Solo vocal recitals are always a marvel for me. Professional singers who excel at the format always astound me with the ease at which they deport their talents in such an exposed setting. In some ways, it can be the zenith of one’s artistry. At Disney Hall on Tuesday evening, we were treated to not one, but two of the most gifted recitalists of our day: Anne Sophie von Otter and Emanuel Ax. That the hall was, at most, half sold (with many sections completely closed) served to make the setting all the more intimate and the results were often breathtaking.

Anne Sofie von Otter © Ewa-Marie Rundquist
Anne Sofie von Otter
© Ewa-Marie Rundquist
Ms von Otter’s resumé is distinguished. It is hard to believe that the esteemed singer has been on the international scene for over 25 years, and after all this time, her voice is in remarkable shape. Her distinctive mezzo is still so immediate in its communicativity and her solid technique makes her exceptional phrasing a model for all singers. For all of her operatic success, her strengths as a recitalist in Lieder are equally formidable. The statuesque von Otter is imposing onstage, yet completely natural in her deportment, at ease with meaningful gestures, and a knowing face. But that’s only half the artist.

The depth of understanding with which she commits herself to the music is exceptional. The vocal shading in her singing is all too telling of her intimacy with the music. While a whole recital of Brahms songs (with a few exceptions) may strike one as dangerously static, von Otter avoided this trap by inhabiting the songs’ subtle characterizations completely. She was able to dart from youthful and naïve in pieces such as “Juchhe!” and “Erlaube mir, feins Mädchen” to profound sorrow in “Auf dem Kirchofe,” and “Von ewiger Liebe”.

The evening’s concluding set of Zigeunermelodien was a different beast entirely. Von Otter sung them with an earthy abandon, digging into the rhythms with guttural effects yet an earnest manner that brought the beautiful simplicities of the text forms to the forefront. Tunes such as “Lieber Gott, du weist, wie oft bereut ich hab’” and  “Röslein dreie in der Reihe blühn so rot” were sweetly and sincerely sung with a fervent “innigkeit”.

And it is that sincerity combined with sheer vocal majesty that translated so well to the evening’s most ravishing pieces, the inspired pairing of Tor Aulin’s “Till en ros”, and Brahms’ “Da unten im Talen”, the soaring “Es schauen die Blumen alle”, and the resplendent “Sommerabend”. Von Otter sang with remarkable control and a selflessness that brought Brahms’ melodic gifts and poignancy of text alive.

Emanuel Ax © Lisa Marie Mazzucco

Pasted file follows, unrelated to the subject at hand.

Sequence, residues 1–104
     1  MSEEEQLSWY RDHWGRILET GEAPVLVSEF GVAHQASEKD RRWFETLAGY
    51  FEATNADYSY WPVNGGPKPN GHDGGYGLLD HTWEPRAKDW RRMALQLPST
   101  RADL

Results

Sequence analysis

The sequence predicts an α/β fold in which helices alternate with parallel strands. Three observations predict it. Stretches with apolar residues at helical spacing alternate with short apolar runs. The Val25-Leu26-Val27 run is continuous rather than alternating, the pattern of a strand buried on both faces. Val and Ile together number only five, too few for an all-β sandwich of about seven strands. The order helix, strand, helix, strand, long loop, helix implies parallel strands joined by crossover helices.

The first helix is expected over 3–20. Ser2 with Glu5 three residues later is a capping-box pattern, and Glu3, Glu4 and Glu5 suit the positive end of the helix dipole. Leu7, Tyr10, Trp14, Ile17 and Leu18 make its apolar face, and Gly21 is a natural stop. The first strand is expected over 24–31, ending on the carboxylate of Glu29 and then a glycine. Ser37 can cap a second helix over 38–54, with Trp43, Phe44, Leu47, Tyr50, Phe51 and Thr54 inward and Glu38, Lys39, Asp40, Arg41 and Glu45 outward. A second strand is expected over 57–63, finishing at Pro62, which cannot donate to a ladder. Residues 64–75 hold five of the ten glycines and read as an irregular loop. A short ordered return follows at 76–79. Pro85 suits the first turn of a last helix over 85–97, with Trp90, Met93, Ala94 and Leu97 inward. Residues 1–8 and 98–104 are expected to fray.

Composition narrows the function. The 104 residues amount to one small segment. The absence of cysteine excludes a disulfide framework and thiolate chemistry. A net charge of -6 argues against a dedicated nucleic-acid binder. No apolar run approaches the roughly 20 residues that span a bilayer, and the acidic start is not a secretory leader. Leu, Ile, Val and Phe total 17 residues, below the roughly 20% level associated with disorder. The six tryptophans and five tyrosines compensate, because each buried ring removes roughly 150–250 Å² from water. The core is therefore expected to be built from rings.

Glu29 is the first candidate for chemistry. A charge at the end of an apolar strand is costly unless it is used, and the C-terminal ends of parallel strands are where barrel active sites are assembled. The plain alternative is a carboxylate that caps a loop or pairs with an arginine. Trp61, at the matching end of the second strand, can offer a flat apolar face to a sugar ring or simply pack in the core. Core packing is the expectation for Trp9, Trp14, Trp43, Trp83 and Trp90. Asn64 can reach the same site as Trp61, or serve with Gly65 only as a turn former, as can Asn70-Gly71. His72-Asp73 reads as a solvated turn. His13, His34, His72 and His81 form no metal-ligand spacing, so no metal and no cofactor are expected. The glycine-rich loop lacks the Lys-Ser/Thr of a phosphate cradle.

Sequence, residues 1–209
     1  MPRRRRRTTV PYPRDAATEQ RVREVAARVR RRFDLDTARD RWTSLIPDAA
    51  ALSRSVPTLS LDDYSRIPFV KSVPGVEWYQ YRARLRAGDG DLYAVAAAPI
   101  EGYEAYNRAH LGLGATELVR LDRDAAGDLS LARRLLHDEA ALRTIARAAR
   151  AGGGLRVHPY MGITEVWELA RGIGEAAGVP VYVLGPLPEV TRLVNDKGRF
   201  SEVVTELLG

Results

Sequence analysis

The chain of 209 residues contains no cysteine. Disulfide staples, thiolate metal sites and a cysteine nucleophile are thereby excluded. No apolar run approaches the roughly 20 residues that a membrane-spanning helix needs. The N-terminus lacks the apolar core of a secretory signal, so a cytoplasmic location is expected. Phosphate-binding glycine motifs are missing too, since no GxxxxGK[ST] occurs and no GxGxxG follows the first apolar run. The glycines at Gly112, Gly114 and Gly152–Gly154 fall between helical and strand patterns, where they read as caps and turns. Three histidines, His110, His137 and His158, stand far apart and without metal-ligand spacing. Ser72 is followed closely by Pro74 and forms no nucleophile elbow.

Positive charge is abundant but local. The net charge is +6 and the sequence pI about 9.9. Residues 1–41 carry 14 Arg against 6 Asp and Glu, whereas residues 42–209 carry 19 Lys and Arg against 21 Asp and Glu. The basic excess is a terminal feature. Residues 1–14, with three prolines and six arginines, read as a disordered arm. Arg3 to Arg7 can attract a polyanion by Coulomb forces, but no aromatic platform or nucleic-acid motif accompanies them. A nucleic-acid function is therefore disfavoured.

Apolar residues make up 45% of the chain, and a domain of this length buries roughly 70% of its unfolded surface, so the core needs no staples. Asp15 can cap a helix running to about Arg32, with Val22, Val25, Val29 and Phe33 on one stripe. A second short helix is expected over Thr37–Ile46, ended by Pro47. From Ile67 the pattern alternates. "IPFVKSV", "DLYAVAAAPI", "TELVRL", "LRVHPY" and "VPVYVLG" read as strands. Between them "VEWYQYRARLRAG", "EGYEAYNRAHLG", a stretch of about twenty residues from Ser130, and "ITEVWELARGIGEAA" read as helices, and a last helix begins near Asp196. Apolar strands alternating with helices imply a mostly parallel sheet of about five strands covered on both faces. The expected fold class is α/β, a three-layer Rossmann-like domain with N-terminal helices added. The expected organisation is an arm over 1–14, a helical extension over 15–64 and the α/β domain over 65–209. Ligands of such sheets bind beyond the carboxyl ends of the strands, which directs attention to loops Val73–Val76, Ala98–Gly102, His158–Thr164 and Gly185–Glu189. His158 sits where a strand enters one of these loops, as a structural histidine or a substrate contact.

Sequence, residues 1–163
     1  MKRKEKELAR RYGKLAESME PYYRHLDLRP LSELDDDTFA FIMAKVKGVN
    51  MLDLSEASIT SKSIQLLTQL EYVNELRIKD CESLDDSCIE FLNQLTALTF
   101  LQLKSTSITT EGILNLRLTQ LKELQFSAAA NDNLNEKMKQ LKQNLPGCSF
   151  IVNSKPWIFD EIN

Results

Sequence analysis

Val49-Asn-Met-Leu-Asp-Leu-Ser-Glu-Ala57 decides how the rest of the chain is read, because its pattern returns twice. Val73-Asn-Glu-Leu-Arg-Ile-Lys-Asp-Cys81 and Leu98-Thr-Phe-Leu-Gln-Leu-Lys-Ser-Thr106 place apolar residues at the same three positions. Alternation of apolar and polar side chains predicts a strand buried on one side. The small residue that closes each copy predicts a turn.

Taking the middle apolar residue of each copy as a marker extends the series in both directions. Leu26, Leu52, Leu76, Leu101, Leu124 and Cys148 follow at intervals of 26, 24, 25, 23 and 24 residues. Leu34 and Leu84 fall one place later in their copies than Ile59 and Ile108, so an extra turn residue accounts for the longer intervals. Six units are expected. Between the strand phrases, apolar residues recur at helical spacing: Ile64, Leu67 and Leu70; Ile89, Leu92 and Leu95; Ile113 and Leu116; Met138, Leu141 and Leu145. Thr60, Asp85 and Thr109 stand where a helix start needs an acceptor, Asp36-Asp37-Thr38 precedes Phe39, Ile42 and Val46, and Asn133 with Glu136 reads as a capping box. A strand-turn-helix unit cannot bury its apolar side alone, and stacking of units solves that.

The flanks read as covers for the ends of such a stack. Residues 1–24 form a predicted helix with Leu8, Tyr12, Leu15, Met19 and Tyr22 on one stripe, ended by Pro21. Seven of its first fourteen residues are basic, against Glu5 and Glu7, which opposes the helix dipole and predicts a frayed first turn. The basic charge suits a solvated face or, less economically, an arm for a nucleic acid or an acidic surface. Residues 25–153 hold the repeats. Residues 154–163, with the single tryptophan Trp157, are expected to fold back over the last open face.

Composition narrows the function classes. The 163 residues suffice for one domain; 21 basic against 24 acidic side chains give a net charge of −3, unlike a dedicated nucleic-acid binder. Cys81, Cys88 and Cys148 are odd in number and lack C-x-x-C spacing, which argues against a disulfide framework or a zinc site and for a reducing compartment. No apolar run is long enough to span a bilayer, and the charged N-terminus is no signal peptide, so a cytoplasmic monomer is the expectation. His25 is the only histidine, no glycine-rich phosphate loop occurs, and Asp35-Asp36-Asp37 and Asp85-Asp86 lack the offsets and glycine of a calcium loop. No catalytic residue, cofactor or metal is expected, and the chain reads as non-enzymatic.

Emanuel Ax
© Lisa Marie Mazzucco
Ms von Otter’s collaborator was the indefatigable Emanuel Ax. He was an accompanist of exceptional sensitivity and while the ensemble started out with a few minor bumps, it was a collaboration that sounded years in the making as it went along. The balance was always exquisite and Mr Ax’s palette of color was supremely suitable to Brahms’ expressive accompaniment. Furthermore, it was demanding. Never getting a break, Ax performed four Brahms solos with soaring lyricism while not oversaturating them with melancholy.

To their continuing credit, the LA Phil presented two world premières, Missy Mazzoli’s solo for piano Bolts of Loving Thunder and Nico Muhly’s So Many Things for voice and piano. Mazzoli’s writing is provocative and challenging. Ax, wiping sweat from his brow, dove head first and dispatched the undulating right hand and cross-hand melody with fury. The colorful sonorities were enticing and varied making for a satisfying journey. Muhly’s piece proved more problematic. A “sort of through-composed cantata”, the piece is substantial in length (close to fifteen minutes) and disjointed. The meandering piano interludes provide the segues in the poem cobbled together by the composer. Its rhythmic difficulties, as well as its vocal range, were adeptly performed by von Otter, but the musical word-painting in the piece bordered on predictable and the esoteric poem of love and loneliness resulted in a conclusion as puzzling as it was unsatisfying.

In any case, Brahms shone through as always and, in the hands of von Otter and Ax, was incomparably beautiful. It was a unique and most memorable collaboration, one that only underlines von Otter’s unique talents. The recital concluded with one encore, Brahms’ “Wiegenlied”, which was dedicated to the late Claudio Abbado. Sung with impossible delicacy, the piece affected all present, not the least of whom was von Otter who was visibly moved at its conclusion. Seemingly alone onstage in the tepid applause, she found the hand of her collaborator Ax, whose presence reminded her and us that no great recitalist can do it alone.